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Part I: Hospital Structural and Geographic Characteristics
Safety-Net Hospitals Span All Locations, Sizes, and Ownership Groups
- About 56 percent of safety-net hospitals are in urban areas, and 44 percent are in rural areas.
- By far, the South has the largest share of the Nation's safety-net hospitals—about 66 percent.
- The concentration of safety-net hospitals in the South may be somewhat related to the large proportion (nearly 50 percent) of the Nation's uninsured discharges that are in the South.
Select for Figure 3 (7 KB), Urban/Rural Hospital Location.
Table 1. Regional Distribution of All Hospitals, Safety-Net Hospitals, and Uninsured Discharges
|Percent of U.S. Safety-Net Hospitals
|Percent of U.S. Community Hospitals
|Percent of U.S. Uninsured Discharges
- One in 5 (20 percent) safety-net hospitals is a teaching hospital. Non-safety-net hospitals have about the same proportion of teaching hospitals.
- Over half of safety-net hospitals are small hospitals with fewer than 100 beds.
Select for Figure 4 (8 KB), Hospital Teaching Status.
Select for Figure 5 (9 KB), Hospital Bed Capacity.
Safety-Net Hospitals Are More Likely To Be Public Hospitals
- Safety-net hospitals include all types of ownership: 43 percent are publicly owned, 45 percent are non-profit, and 12 percent are investor-owned, for-profit.
- Publicly owned hospitals represent 43 percent of the safety-net hospitals but only 19 percent of non-safety-net hospitals.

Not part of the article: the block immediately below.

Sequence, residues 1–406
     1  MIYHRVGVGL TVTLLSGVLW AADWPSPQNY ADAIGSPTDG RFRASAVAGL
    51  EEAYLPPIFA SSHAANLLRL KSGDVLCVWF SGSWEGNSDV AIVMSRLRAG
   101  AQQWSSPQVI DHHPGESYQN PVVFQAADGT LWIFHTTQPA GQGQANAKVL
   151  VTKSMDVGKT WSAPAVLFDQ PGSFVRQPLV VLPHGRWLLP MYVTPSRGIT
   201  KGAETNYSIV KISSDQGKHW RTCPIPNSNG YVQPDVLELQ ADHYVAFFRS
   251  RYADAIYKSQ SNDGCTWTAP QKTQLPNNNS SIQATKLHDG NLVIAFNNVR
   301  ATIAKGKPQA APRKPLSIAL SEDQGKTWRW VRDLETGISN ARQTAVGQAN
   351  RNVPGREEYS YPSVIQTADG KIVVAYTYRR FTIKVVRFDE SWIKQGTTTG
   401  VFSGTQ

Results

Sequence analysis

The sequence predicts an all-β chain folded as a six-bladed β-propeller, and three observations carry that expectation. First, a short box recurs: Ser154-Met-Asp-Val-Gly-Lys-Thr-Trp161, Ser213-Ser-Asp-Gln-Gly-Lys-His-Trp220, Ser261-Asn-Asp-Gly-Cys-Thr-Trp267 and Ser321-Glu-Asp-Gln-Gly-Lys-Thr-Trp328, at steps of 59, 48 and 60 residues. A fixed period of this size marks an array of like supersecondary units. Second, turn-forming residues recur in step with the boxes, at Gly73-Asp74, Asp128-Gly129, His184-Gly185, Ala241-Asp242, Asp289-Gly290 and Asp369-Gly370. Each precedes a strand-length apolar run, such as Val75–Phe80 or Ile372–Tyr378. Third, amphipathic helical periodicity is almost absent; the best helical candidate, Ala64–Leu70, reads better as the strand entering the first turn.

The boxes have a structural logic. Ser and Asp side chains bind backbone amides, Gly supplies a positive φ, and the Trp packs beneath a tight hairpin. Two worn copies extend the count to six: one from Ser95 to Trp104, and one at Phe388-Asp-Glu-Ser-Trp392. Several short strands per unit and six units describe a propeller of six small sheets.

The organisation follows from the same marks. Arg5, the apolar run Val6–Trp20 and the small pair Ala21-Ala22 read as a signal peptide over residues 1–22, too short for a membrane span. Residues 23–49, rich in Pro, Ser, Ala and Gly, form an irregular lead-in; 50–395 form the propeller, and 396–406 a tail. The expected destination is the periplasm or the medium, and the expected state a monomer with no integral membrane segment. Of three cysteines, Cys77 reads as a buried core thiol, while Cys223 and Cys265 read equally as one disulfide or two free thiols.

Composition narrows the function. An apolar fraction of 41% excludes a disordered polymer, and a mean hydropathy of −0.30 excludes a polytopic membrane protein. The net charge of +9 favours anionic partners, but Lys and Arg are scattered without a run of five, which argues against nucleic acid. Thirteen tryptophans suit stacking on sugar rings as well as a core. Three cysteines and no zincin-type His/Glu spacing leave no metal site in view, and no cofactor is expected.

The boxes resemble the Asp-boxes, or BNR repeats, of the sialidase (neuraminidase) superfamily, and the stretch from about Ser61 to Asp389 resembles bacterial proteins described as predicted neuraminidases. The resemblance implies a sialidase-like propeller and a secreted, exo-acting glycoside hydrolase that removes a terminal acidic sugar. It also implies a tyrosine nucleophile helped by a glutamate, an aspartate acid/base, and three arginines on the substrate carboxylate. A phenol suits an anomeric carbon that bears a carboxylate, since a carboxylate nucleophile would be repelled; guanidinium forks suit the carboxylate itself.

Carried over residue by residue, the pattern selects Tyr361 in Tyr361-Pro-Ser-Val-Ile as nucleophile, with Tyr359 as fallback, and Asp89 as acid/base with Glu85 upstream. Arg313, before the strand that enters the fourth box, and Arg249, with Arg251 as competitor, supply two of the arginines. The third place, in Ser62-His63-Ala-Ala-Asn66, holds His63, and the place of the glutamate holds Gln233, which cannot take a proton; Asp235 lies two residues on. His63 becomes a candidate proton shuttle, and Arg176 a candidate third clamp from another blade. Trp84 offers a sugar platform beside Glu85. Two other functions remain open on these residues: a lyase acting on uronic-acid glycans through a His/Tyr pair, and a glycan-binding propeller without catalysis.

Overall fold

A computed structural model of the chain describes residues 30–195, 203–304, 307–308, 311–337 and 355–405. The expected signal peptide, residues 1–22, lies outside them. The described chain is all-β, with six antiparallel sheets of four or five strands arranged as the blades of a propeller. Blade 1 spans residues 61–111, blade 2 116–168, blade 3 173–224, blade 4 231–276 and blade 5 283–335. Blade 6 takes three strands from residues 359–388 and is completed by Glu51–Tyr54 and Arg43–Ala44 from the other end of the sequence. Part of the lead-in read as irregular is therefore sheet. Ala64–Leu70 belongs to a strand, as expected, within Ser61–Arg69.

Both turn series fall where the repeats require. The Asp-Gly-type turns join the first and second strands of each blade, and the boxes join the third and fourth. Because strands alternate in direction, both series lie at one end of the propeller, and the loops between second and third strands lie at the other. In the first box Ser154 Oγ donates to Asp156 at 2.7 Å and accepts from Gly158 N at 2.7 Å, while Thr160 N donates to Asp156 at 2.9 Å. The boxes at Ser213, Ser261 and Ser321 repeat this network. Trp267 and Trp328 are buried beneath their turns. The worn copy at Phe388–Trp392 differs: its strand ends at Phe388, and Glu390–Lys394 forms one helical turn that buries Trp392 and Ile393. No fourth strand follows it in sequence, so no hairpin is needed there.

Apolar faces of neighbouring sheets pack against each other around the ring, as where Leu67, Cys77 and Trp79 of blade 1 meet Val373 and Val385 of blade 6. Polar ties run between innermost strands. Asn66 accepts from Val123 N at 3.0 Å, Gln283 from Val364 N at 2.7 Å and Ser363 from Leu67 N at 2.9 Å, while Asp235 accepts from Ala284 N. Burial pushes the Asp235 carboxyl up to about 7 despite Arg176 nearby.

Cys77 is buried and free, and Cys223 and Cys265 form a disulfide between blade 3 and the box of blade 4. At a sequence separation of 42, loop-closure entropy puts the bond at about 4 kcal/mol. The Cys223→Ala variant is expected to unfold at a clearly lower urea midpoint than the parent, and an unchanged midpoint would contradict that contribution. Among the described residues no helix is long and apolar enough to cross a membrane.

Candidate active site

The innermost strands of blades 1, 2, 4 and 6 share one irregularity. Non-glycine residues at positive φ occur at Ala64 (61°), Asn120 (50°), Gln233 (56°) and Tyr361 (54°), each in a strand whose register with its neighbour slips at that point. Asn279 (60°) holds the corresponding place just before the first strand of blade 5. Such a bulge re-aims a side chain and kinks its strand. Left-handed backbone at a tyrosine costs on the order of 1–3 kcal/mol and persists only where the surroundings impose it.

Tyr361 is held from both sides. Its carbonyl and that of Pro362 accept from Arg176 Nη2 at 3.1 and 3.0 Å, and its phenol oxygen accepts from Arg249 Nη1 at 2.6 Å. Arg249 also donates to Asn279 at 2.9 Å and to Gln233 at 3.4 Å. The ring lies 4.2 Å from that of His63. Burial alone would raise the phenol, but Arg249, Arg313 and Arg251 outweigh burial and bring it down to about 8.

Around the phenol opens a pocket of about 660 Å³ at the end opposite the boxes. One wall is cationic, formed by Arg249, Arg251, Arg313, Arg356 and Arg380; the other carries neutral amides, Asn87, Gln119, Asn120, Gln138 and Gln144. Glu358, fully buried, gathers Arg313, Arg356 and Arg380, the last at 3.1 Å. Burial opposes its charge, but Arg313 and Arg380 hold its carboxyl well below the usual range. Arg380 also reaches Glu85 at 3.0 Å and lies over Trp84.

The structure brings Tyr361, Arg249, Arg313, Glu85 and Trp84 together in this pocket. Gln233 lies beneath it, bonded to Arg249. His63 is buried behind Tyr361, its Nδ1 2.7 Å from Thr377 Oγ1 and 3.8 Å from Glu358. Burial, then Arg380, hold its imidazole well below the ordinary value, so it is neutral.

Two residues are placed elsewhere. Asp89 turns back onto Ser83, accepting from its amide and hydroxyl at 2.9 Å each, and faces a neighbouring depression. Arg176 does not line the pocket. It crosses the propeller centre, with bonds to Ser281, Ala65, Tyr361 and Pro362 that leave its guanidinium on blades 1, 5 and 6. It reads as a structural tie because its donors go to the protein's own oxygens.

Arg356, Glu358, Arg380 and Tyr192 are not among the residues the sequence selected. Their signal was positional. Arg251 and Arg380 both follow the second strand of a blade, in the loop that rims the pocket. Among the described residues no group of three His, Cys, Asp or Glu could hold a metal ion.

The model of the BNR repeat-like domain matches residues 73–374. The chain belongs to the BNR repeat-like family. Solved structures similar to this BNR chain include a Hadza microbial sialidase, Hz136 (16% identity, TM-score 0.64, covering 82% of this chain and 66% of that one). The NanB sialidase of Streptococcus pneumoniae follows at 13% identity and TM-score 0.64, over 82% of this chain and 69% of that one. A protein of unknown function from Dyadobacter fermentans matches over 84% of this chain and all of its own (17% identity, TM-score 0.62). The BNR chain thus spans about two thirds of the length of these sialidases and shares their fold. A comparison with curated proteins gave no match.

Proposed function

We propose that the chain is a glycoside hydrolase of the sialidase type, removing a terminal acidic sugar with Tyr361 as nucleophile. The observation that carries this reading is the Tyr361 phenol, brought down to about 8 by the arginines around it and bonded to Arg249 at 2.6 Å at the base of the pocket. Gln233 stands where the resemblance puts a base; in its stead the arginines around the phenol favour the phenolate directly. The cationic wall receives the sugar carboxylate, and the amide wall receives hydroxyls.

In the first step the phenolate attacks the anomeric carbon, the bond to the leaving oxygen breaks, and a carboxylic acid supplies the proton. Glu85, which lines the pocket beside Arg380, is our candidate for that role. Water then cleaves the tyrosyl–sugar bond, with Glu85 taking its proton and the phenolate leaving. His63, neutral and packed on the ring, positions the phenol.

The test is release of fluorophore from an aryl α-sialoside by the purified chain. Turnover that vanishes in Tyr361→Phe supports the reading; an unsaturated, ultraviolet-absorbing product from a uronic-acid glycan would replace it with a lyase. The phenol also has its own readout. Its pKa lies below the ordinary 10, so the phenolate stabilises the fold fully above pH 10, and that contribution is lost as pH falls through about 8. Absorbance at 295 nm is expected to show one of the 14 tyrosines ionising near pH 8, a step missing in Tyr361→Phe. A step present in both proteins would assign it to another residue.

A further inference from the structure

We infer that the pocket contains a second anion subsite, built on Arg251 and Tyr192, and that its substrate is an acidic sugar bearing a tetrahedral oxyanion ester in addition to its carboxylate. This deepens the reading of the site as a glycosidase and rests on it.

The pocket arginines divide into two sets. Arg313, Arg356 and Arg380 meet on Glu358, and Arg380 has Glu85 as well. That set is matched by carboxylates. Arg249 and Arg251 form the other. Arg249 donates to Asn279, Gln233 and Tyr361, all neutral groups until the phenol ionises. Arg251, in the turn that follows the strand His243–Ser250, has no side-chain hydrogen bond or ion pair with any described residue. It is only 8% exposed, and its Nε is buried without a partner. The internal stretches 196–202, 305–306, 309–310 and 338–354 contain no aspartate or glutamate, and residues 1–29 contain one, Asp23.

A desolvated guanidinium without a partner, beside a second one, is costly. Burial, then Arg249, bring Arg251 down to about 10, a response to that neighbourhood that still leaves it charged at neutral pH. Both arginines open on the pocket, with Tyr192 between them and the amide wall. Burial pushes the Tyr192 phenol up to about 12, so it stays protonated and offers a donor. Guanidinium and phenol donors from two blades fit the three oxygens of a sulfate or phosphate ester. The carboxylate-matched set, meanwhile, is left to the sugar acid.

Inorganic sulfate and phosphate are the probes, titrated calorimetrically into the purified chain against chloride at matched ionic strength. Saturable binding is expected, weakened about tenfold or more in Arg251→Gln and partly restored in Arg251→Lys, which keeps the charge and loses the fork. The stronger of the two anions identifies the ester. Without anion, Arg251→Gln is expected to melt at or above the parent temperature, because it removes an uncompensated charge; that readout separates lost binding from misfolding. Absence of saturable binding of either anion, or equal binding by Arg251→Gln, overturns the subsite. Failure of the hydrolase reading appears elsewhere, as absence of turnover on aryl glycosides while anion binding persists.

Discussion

- Non-profit hospitals make up 45 percent of safety-net hospitals and 66 percent of non-safety-net hospitals.
- Investor-owned hospitals make up 12 percent of the safety net hospitals and 16 percent of the non-safety-net hospitals.
- Safety-net hospitals in rural areas are much more likely to be public hospitals than safety-net hospitals in urban areas. In rural areas, 58 percent of safety-net hospitals are public hospitals, whereas in urban areas, the percentage drops to 31.
Select for Figure 6 (9 KB), Hospital Ownership.
Select for Figure 7 (13 KB), Ownership by Urban/Rural Location.
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Part II: Hospital Financial Status
Safety-Net Hospitals Are Financially Vulnerable
- Compared with non-safety-net hospitals, safety-net hospitals have substantially more Medicaid discharges—27 percent versus 17 percent.
- Safety-net hospitals have fewer discharges covered by private insurance (25 percent) or Medicare (34 percent) than non-safety-net hospitals.
- This payment mix makes it more difficult for the safety-net hospitals to cross subsidize care for the uninsured.